Four minutes. That’s all it takes for every muscle in my body to be screaming at me to just lie on the floor and stop moving.
Luckily, this is a tabata class, and four minutes of intense exercise is all I have to do.
Tabata is named after Japanese scientist Professor Izumi Tabata (recognized as the ‘father’ of high intensity interval training), while he was working with the Japanese Olympic speed skating team on their fitness programme.
His tabata method consists of a combination of 20 seconds of intense exercise followed by 10 seconds of rest, repeated 8 times. And that’s it.
Okay, there’s a warm up beforehand, and a cool down afterwards, but the entire class lasts just 20 minutes. The idea of tabata is that you spend four minutes going as hard and as fast as you possibly can, to get to your maximum heart rate and to get the most out of it.
Instructor Richard Scrivener takes my class through four tabata moves (normal classes only use two in any session), including a couple that use the plank as their basis, and then two more which involve a lot of jumping around.
It all looks so simple (even if planks are horrible and my fitness levels are dire), and the idea is that we do each of the moves twice in the cycle of two minutes.
But by halfway through the first minute my lungs are screaming and I’m constantly confused about which arm and which leg should be stretching and which should be stationary.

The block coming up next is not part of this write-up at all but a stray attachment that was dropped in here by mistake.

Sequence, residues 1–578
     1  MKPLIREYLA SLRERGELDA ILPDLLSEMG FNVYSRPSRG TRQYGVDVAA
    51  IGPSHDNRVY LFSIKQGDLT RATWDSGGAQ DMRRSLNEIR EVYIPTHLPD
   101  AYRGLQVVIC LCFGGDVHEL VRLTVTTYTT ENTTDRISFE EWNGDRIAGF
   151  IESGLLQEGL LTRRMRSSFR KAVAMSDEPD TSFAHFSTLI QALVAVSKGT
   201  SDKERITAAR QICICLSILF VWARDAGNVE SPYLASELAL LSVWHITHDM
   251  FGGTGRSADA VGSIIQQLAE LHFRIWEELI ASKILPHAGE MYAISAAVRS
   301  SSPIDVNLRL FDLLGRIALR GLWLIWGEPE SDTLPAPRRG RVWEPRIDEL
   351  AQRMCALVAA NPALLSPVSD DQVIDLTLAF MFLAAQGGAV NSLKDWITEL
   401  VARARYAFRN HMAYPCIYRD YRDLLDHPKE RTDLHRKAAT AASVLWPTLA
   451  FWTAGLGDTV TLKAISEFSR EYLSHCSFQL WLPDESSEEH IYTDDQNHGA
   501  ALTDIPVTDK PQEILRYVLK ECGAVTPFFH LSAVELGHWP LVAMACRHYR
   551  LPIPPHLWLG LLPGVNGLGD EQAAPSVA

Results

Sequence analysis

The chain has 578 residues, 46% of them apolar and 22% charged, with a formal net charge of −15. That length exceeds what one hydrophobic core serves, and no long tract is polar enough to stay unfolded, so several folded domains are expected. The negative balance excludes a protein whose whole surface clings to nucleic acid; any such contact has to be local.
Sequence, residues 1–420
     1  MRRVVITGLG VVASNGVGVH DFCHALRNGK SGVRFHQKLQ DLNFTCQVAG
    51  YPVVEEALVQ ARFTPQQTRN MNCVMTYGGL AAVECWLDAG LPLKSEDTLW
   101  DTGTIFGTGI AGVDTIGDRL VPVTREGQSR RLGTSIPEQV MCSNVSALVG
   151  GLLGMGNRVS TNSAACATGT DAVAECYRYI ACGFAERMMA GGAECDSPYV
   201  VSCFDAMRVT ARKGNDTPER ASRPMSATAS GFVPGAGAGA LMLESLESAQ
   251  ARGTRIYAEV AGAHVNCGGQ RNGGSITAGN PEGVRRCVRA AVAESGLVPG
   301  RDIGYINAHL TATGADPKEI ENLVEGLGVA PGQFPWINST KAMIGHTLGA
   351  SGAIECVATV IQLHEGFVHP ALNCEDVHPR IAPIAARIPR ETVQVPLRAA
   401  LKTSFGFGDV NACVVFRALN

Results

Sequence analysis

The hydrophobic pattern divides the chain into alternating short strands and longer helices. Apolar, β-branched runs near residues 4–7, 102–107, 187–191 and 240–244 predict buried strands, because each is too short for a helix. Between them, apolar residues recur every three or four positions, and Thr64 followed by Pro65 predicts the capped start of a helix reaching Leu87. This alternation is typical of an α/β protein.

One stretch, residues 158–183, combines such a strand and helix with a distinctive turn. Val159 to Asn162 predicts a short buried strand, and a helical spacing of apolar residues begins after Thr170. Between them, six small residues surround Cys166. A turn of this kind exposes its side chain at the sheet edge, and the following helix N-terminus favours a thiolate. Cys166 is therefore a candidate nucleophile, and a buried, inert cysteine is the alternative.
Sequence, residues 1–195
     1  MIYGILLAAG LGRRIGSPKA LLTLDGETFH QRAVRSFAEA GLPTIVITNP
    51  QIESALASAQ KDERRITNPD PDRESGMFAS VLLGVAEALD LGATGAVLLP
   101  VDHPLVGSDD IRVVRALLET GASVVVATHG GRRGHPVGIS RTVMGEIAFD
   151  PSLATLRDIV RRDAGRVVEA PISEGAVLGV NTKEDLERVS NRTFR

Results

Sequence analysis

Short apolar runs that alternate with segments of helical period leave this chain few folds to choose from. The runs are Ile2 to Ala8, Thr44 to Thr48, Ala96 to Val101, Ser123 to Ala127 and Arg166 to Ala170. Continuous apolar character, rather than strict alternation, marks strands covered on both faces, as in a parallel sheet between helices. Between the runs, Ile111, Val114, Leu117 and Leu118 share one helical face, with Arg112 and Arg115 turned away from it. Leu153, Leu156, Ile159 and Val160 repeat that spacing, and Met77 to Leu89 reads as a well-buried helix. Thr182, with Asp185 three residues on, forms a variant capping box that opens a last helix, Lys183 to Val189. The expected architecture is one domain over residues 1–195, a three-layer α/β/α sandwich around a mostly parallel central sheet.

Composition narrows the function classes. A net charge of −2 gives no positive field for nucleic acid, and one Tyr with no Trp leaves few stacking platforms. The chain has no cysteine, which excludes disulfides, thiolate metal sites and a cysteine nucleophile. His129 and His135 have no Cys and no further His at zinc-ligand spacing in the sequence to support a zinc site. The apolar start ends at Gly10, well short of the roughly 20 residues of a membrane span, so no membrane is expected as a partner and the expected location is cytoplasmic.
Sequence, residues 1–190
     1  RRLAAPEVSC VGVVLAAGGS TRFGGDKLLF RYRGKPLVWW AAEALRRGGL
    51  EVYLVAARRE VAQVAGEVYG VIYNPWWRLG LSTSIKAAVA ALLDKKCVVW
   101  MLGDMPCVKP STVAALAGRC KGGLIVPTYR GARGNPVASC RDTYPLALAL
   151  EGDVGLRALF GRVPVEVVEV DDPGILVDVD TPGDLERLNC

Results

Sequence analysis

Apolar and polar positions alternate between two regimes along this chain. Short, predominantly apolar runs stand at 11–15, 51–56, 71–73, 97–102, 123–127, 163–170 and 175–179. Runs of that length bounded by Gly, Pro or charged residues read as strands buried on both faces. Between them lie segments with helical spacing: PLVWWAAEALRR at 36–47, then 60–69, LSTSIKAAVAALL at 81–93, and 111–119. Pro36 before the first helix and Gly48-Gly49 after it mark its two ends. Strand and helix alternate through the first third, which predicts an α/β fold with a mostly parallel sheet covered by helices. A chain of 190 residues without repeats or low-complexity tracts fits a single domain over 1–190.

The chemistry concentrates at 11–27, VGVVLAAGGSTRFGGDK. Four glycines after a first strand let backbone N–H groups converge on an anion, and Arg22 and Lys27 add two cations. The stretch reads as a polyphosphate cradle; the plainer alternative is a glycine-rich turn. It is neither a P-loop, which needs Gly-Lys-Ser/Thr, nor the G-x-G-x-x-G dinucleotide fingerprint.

By minute two I want to give up, and by minute four I want to cry. Still, it’s over and I feel like I tried – my heart is pumping like I’ve run five miles, my arms and legs have that ache to them you get after an intense workout, and my body temperature is sky high.
For the rest of the day, I can still feel the effects of the tabata, but in a good way. I feel more energised, and my body feels like it’s working even when I’m just taking a casual stroll. Granted, two days later I’m in agony, but that disappears, and once it does, I find my mind turning to when I can fit another tabata class in.
•For more information visit the official Tabata website, or find out about classes at Fitness First here.